Introduction: Deep Brain Stimulation (DBS) is an effective and well-established treatment for Parkinson’s disease (PD), and essential tremor (ET), and dystonia. DBS is powered by an implantable pulse generator (IPG) and battery longevity varies by factors such as the number and types of system components, as well as changes in power demands over the patient and therapy life cycle. Additionally, battery longevity is often not analyzed using survival techniques, which may underestimate battery longevity (ref1). With the increased applications of DBS, the longevity of an IPG is an important factor to patients, caregivers, and physicians. With these key factors considered, this analysis was conducted to assess the battery life in patients who underwent DBS for PD and ET in a real-world registry.
Methods: The Product Surveillance Registry (PSR) is a prospective, long-term, multi-center global registry for DBS to monitor the reliability and safety of Medtronic DBS systems. Patients included in this analysis were treated with DBS for PD or ET. Data from 1250 patients* with 1445 Activa PC IPGs were analyzed using Kaplan-Meier and Cox proportional Hazard analyses. IPGs were excluded from the analysis if adaptors (n =160) were used.
Results: For PD patients, median estimate of battery longevity was 4.6 years for first-time implanted IPGs and 3.7 years for replacement IPGs. The median battery longevity for ET patients was 4.3 years for first-time implanted IPGs compared to 3.9 years for replacement IPGs (Table 1).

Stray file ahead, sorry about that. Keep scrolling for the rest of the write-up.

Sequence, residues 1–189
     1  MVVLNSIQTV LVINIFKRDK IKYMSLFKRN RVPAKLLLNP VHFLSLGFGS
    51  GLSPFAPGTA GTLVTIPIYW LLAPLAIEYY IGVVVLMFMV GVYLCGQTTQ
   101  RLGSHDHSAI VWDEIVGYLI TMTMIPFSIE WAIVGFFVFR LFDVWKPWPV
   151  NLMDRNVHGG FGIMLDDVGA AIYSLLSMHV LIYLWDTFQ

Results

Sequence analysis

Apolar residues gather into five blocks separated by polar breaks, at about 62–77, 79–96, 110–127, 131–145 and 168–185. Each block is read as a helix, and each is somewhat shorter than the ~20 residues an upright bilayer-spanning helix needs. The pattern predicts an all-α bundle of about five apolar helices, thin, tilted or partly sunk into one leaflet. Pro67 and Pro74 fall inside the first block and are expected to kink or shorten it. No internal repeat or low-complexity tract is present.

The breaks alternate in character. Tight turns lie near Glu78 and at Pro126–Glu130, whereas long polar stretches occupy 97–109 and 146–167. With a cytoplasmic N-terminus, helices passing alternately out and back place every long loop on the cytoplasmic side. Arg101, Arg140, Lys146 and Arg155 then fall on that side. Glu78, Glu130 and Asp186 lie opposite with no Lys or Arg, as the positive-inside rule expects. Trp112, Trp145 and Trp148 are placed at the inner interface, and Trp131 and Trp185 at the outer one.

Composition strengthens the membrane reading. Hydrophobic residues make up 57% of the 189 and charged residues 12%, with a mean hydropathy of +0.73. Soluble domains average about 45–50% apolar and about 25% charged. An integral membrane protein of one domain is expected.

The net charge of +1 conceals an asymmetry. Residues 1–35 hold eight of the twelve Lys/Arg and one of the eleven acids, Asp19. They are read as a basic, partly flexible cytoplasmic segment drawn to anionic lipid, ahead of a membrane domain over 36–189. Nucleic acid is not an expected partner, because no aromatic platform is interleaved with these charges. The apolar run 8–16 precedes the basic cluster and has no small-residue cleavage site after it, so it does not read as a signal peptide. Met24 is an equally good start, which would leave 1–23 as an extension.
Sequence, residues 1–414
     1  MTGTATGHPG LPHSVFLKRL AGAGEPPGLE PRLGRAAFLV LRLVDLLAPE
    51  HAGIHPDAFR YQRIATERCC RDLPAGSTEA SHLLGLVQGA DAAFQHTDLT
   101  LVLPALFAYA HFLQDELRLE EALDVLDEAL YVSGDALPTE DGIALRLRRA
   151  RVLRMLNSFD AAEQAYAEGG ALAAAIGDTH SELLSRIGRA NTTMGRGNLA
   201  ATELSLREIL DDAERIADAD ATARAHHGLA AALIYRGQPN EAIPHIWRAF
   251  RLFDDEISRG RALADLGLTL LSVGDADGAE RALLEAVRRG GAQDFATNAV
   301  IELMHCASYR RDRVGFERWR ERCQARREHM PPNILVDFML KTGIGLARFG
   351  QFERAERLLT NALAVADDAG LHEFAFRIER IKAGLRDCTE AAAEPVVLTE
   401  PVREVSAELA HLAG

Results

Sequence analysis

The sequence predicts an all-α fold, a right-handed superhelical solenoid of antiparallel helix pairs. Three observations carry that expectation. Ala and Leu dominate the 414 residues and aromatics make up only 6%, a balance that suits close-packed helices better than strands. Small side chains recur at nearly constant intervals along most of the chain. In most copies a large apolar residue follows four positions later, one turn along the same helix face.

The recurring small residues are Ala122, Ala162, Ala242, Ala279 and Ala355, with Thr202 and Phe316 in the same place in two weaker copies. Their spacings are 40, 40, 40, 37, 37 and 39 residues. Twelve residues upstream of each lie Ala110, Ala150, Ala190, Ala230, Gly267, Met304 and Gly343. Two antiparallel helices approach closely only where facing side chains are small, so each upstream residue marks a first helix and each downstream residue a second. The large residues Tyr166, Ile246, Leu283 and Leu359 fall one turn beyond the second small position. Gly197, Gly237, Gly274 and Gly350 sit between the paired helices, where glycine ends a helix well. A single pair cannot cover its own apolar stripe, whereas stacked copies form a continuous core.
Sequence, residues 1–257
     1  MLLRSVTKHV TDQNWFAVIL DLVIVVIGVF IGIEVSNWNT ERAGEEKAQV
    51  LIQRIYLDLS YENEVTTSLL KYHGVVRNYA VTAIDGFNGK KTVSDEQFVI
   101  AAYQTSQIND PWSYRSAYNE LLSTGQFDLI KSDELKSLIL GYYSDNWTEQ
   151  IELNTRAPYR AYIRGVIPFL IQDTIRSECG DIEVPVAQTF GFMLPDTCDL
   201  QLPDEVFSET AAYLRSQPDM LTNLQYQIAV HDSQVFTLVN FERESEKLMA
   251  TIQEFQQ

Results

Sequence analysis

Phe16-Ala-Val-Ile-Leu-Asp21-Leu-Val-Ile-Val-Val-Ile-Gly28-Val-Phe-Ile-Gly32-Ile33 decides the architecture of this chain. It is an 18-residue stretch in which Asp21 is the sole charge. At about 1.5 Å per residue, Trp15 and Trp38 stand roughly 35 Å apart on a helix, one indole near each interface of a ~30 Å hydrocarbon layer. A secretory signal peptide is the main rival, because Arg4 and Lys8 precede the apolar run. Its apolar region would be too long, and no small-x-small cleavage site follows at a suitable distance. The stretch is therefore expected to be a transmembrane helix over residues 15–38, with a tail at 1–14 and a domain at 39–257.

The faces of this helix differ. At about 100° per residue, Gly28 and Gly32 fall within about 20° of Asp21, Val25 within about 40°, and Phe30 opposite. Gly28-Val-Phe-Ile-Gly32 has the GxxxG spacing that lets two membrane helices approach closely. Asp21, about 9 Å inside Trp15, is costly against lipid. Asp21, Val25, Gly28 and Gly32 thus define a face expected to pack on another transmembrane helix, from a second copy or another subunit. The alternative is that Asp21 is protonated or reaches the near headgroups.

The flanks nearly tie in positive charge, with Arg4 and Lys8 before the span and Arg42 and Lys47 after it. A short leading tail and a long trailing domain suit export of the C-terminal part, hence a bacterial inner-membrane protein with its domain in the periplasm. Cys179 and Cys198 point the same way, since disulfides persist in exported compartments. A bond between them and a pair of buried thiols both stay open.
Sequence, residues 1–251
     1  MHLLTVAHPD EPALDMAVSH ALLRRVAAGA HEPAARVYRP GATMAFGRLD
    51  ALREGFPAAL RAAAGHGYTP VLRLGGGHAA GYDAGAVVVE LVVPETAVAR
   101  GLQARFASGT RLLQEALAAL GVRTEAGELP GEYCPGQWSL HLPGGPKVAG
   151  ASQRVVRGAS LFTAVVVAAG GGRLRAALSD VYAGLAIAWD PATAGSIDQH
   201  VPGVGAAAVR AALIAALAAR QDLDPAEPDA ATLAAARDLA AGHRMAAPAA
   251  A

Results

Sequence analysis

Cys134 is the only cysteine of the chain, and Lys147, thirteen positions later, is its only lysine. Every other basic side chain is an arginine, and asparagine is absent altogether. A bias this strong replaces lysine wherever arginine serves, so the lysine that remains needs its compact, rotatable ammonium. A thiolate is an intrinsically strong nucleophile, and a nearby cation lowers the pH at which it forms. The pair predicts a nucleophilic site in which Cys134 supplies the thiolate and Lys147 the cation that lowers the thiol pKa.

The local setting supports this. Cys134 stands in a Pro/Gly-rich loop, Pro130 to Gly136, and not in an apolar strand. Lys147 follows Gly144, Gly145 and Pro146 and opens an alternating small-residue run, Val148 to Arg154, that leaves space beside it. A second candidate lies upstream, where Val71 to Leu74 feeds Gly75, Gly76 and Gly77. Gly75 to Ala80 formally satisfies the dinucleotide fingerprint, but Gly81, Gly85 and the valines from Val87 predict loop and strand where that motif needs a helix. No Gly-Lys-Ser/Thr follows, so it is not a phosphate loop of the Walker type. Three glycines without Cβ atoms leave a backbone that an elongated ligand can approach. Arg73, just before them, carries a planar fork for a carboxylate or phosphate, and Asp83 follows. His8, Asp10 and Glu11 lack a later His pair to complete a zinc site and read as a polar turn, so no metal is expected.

The 3.5-year survival rate for first-time implanted IPGs was 80.4% for PD patients and 69.6% for ET patients (Figure 1).
Conclusions: This analysis demonstrated the expected performance of 3-5 years of battery longevity for DBS therapy from real-world data collected across diverse settings. Battery longevity is quite similar in PD and ET DBS patients but shorter in replacement IPGs compared to first-time implanted IPGs. While the device model is the same for the first-time implanted versus replacement IPGs, the shorter longevity may reflect either programming changes utilizing more power in replacement devices, or a change in electrical resistance over time (higher tissue impedance resulting in more power consumption for a given programmed setting over the life of the patient).
Patient Care: Appropriate selection of a primary cell or rechargeable IPG for DBS is primarily driven by patient choice and any associated burden such as frequent recharging or multiple surgical replacements. Thus, accurate calculations of battery longevity are critical for informing patients and providers in selecting the most appropriate IPG.
Learning Objectives: By the conclusion of this session, participants should be able to: 1) better understand the factors that predict DBS battery longevity, 2) be exposed to more advanced statistical modeling for determining battery longevity, 3) and be armed with more information to assist in selecting DBS patients for a primary cell or rechargeable IPG.
References: 1. Watt DC, Aitchinson TC, MacKie RM, Sirel JM. Survival analysis: the importance of censored observations. Melanoma Res. 1996 Oct; 6(5): 379-85.